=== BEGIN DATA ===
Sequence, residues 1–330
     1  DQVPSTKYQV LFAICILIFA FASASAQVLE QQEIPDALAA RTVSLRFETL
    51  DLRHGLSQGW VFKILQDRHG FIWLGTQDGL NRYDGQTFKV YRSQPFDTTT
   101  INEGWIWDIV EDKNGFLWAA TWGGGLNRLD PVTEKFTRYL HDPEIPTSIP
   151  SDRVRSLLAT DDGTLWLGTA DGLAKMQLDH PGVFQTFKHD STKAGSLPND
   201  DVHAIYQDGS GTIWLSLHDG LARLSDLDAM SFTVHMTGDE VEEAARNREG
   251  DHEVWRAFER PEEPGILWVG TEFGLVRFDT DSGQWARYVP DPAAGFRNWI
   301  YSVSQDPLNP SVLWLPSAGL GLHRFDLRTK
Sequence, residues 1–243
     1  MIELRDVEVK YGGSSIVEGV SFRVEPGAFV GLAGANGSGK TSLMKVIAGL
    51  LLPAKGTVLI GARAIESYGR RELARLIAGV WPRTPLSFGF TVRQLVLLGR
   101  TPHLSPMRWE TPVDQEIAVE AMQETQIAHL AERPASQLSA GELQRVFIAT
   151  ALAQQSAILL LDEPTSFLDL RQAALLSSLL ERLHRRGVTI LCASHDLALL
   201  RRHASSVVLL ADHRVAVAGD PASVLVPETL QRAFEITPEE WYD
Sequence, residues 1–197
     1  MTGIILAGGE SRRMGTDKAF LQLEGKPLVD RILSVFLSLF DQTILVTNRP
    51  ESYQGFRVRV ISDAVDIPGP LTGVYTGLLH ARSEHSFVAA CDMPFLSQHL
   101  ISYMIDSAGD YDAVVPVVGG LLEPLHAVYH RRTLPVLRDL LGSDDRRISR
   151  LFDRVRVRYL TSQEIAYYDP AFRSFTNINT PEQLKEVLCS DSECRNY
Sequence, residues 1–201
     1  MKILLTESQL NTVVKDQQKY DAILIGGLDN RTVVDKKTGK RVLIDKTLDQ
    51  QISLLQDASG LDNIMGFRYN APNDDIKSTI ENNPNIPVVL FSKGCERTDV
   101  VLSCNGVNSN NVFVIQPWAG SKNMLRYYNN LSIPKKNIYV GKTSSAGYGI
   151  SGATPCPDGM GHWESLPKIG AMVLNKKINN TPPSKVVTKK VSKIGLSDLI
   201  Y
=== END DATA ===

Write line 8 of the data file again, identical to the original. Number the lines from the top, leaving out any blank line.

   301  YSVSQDPLNP SVLWLPSAGL GLHRFDLRTK